Police Scotland’s first chief constable – who was forced into early retirement after a woman was left dying in a car by the M9 was three days – has won a new job with The Met in London.
Sir Stephen House will join The Met’s management board as an assistant commissioner next month.
He was appointed Police Scotland’s first chief constable in 2012, a year before Scotland’s eight forces merged.
He had previously been an assistant commissioner at The Met and chief constable of Strathclyde Police.
However, the nascent national force was dogged by controversies during his time in charge.
The Force was heavily criticised for its use of stop-and-search and for deploying armed officers on routine patrols.
But it was the deaths of Lamara Bell, 25 and John Yuill, 28 that eventually forced him to stand down early from his post.
The couple lay in their car by the side of the motorway for three days after it went off the M9, despite a member of the public calling Police Scotland’s non-emergency number to report the damaged vehicle.
Ms Bell was still alive when emergency services finally found her but died later in hospital.
Sir Stephen stepped down at the end of 2015 as as a result of the controversy and was replaced as chief constable by Phil Gormley, who resigned this month.
The Met revealed his appointment as assistant commissioner on Wednesday morning.
He will begin work on March 5.
The Met said he will “bring resilience and succession planning” to the Met’s senior leadership team.
Commissioner Cressida Dick said: “There is a huge amount of transformation taking place within the Met and at the same time we are dealing with rising demand and big operational challenges.
“I’m really pleased to appoint Steve to this role. He brings huge operational experience having previously served at senior levels in the Met and been Chief Constable of Strathclyde Police and then Police Scotland.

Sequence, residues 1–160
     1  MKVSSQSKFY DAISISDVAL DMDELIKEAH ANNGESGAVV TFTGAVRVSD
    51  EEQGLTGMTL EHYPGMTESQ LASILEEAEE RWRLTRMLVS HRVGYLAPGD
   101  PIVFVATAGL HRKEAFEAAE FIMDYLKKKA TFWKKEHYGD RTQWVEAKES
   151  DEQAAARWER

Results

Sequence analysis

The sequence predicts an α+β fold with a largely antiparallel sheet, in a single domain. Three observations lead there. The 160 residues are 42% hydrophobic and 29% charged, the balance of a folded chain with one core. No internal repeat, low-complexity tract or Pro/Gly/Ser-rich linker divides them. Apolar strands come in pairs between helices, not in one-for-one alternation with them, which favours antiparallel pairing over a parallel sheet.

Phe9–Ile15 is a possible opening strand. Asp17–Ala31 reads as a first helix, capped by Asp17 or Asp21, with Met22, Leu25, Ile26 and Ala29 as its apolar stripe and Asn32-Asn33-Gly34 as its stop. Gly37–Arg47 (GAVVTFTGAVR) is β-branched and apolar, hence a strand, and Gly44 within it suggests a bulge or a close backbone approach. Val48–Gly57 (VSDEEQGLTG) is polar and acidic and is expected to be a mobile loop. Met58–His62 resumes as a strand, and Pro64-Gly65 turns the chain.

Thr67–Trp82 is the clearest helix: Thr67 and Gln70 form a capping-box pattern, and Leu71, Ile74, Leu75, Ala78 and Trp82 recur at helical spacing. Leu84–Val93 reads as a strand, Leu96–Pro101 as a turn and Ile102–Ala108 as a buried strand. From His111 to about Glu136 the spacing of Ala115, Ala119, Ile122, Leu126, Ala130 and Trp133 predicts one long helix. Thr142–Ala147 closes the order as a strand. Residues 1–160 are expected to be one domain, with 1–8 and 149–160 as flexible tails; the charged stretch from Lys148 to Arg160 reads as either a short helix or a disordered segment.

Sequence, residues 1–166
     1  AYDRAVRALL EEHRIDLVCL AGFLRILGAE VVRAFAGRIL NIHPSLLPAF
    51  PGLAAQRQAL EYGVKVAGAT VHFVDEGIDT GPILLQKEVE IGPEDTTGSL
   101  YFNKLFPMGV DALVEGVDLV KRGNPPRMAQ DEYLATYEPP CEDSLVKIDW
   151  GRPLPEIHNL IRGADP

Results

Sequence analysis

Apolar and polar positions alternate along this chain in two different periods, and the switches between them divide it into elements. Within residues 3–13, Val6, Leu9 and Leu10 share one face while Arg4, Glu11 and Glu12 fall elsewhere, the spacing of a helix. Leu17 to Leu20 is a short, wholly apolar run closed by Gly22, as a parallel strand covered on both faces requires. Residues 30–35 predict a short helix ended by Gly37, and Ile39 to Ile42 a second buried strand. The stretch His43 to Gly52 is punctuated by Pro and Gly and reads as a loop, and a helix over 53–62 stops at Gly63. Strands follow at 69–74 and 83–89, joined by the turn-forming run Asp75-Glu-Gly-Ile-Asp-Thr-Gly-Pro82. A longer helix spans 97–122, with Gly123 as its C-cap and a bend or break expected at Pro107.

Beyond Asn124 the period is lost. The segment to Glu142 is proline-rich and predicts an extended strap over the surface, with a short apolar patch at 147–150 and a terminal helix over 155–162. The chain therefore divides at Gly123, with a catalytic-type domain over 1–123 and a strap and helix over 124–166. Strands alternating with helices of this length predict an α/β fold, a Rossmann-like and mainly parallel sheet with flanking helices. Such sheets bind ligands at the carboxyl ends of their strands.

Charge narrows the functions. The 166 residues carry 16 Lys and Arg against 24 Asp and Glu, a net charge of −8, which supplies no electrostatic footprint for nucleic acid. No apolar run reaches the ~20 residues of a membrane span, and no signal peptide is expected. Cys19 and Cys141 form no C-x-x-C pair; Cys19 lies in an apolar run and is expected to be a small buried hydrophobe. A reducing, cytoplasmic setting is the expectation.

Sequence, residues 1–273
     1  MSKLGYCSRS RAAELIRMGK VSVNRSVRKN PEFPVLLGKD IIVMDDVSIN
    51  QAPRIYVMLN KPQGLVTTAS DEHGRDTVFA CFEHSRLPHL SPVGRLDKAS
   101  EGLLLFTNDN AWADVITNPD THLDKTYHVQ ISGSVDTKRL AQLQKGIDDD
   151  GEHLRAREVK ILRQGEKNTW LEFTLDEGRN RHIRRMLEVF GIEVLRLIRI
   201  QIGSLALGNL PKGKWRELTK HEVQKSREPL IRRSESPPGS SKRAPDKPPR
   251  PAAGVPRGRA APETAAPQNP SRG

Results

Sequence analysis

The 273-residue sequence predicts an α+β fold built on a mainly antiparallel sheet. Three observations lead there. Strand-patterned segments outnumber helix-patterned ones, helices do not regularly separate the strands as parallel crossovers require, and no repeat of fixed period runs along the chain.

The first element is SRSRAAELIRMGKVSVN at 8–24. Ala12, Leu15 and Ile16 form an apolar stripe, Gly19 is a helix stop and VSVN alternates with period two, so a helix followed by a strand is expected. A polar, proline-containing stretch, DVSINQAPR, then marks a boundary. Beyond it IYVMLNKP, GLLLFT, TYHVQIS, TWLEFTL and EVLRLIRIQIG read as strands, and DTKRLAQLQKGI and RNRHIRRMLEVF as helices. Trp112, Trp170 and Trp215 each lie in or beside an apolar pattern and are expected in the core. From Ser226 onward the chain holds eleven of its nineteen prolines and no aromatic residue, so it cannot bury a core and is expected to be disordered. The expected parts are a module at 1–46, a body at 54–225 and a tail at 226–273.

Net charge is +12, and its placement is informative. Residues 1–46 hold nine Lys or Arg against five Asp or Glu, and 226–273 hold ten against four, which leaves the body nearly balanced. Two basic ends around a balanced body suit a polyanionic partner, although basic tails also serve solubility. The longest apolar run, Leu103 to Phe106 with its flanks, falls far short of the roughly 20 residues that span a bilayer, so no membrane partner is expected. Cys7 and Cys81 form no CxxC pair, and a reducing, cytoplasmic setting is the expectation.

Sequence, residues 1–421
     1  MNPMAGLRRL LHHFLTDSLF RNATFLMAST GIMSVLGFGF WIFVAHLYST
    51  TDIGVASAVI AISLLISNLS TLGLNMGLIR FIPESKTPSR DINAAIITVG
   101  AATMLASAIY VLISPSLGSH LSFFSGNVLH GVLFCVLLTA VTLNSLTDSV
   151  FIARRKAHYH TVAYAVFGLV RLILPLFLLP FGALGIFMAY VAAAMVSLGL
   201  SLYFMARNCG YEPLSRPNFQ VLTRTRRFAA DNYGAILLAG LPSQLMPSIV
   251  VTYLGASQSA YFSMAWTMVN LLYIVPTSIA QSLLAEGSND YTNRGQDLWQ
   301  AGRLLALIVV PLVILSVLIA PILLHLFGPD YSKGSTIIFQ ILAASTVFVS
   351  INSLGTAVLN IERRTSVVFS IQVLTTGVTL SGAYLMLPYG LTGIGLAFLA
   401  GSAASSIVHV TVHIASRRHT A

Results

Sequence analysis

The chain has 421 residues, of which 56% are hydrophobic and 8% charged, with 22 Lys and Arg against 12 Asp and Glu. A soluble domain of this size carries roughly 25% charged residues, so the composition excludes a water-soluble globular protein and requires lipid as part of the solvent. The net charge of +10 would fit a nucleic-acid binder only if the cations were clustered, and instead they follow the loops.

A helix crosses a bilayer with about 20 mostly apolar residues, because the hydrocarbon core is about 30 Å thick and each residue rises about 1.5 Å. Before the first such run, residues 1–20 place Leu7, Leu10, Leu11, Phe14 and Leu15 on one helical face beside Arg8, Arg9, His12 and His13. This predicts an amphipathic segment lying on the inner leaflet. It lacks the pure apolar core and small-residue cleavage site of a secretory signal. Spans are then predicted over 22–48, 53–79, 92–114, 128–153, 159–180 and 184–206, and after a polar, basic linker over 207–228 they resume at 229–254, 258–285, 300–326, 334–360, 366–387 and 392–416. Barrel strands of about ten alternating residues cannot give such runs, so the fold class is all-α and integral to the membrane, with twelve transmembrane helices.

“He has also led some huge change programmes, most notably bringing together eight forces to form Police Scotland.
“Steve also has a strong track record in tackling violent crime – particularly domestic violence, knife and gang crime – both within the Met and then with huge success in Scotland.
“Having worked with Steve I know he has a passion for policing and public service that will be a great addition to our team.”
Sir Stephen said: “I am delighted to have the opportunity to return to the Met, at such a busy and challenging time. I joined the police to serve the public and it is an honour to be able to return to the Met and work as part of a really talented team to protect the public and fight crime in London.
“London is a fantastic city and deserves world class policing. It is exciting to return to the Met at a time of transformation and to be a part of the effort in delivering that.”
After leaving Police Scotland, Sir Stephen took up a consultancy role within the private sector.
During previous service with the Met he served as Deputy Assistant Commissioner and then Assistant Commissioner in charge of Central Operations and then the Specialist Crime Directorate, before moving to Strathclyde Police as Chief Constable in 2007.
His contract will run for five years.
He will draw his monthly pension for the duration of his contract with the Met.